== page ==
Award-winning Documentary Duo

Words by Sheri Baer

Photos by Scott R. Kline

Words by Sheri Baer

It seems appropriate that documentary filmmakers Michael Schwarz and Kiki Kapany had the equivalent of a Hollywood “cute meet” beginning. The date was May 7, 1989. Kiki was a partner in a Marin County law firm, and Michael was director of productions at KQED-TV. While at a club listening to African musician Kanda Bongo Man, Kiki noticed a guy looking at her from across the bar. She says an instant sense of recognition washed over her: “That’s the guy I’m going to be with for the rest of my life.” The two talked briefly that night but came away from the evening realizing they didn’t know how to contact each other. In a romcom-worthy plot development, the universe didn’t wait long to bring them together again. Just three days later, Kiki walked into Julie’s Supper Club in San Francisco. “The place was packed,” she recalls. “And there was Michael.” This time, Michael got Kiki’s number, and as the saying goes, “That was it.”

Marriage soon followed, along with two daughters, and in June 1996, Michael exited KQED to develop In Search of Law and Order, a three-part project exploring the juvenile justice system. With that production, Kikim (a blend of Kiki and Michael) Media was born, along with an enduring husband and wife professional partnership. Coming from a legal background, Kiki says that documentary filmmaking felt like an easy transition to make: “With litigation, you’re collecting your evidence and creating a story to present to a jury or a judge. And with documentary, it’s a similar thing. You’re collecting your evidence and you’re creating a story to present to the broadcast audience.” To further seal the deal, “I was affecting more lives with broadcast,” she says. “And I really loved that.”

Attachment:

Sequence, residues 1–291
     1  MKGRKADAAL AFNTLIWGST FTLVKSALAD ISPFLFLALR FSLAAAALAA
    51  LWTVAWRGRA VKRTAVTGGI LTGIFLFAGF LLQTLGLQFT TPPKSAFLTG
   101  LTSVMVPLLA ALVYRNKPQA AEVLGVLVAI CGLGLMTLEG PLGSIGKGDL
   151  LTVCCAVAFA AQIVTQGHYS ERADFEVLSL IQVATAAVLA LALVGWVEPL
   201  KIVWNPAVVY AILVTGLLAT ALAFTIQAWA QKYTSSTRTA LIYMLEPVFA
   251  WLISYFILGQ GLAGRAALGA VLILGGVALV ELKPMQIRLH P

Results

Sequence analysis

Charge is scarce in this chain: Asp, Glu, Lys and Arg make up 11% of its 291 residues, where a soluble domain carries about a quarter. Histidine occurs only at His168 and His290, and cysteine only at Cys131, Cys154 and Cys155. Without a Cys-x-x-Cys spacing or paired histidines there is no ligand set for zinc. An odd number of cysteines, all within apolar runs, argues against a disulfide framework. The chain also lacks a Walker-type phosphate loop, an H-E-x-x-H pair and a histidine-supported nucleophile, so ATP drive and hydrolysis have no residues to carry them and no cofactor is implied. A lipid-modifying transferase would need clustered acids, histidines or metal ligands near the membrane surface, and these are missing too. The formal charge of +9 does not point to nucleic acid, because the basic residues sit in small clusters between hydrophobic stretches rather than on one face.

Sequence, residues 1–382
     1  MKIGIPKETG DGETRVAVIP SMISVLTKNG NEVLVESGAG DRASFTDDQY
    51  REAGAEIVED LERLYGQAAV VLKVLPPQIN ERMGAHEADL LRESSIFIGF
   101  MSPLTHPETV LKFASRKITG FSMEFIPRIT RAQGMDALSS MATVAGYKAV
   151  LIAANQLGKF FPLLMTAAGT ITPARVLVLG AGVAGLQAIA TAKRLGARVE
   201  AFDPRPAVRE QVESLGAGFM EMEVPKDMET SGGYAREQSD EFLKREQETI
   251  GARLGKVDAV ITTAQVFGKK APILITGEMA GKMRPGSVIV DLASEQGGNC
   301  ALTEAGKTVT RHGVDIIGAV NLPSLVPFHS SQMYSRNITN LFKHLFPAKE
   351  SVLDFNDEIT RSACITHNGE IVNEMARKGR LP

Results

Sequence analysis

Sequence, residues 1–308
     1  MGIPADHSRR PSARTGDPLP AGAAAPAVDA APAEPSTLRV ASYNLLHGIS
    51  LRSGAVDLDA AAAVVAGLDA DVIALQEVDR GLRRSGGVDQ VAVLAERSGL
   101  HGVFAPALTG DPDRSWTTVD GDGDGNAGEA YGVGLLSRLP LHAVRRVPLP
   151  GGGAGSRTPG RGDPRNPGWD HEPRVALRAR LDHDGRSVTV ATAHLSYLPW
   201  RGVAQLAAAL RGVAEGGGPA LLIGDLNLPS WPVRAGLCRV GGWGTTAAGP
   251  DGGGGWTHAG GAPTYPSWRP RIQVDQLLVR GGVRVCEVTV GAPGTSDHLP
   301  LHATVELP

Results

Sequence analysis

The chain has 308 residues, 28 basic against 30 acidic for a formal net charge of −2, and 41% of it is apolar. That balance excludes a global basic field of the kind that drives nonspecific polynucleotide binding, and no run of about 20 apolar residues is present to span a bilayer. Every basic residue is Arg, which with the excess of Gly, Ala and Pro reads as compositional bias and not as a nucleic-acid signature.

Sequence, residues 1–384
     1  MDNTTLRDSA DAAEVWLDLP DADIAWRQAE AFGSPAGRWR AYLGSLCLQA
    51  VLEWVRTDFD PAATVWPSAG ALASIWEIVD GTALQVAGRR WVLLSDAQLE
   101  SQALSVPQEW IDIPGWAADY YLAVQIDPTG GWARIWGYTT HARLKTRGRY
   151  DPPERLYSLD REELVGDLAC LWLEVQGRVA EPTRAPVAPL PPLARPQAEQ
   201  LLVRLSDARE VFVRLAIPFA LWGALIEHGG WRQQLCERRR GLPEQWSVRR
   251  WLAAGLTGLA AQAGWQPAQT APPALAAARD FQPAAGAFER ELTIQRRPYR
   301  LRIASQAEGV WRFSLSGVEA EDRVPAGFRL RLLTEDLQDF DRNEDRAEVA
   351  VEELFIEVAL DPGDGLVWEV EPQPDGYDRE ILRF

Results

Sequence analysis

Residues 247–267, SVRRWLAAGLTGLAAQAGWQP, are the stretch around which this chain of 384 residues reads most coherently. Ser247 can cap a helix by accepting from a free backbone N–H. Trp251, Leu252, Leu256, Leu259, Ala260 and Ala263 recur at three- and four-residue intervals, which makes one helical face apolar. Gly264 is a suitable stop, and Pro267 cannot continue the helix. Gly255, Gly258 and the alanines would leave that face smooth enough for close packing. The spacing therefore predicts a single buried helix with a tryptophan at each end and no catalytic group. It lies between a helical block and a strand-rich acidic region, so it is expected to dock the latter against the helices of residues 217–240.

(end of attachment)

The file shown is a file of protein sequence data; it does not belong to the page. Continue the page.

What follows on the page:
Job responsibilities fell into natural roles—Michael as filmmaker and Kiki running the business side of things as CEO and producer. Since Kikim’s founding, they’ve produced dozens of award-winning programs for broadcast television and web distribution spanning a wide and eclectic range of topics. And while many of the Bay Area’s nonfiction filmmakers tend to congregate in creative hubs like San Francisco and Berkeley, Michael and Kiki put their stakes down on the Peninsula, to better balance work and family life. After starting their business in San Carlos, in 2003, they moved Kikim Media to a second-floor office space on Oak Grove Avenue in Menlo Park, minutes from their home and their daughters’ schools. Through some very hectic years, that proximity is what made the balancing act of parenting possible—whether it was Michael stepping away to coach a soccer game or Kiki jumping out to drive a carpool. In the meantime, they built up their full-time staff and found top freelance talent willing to make the commute for the chance to work with them.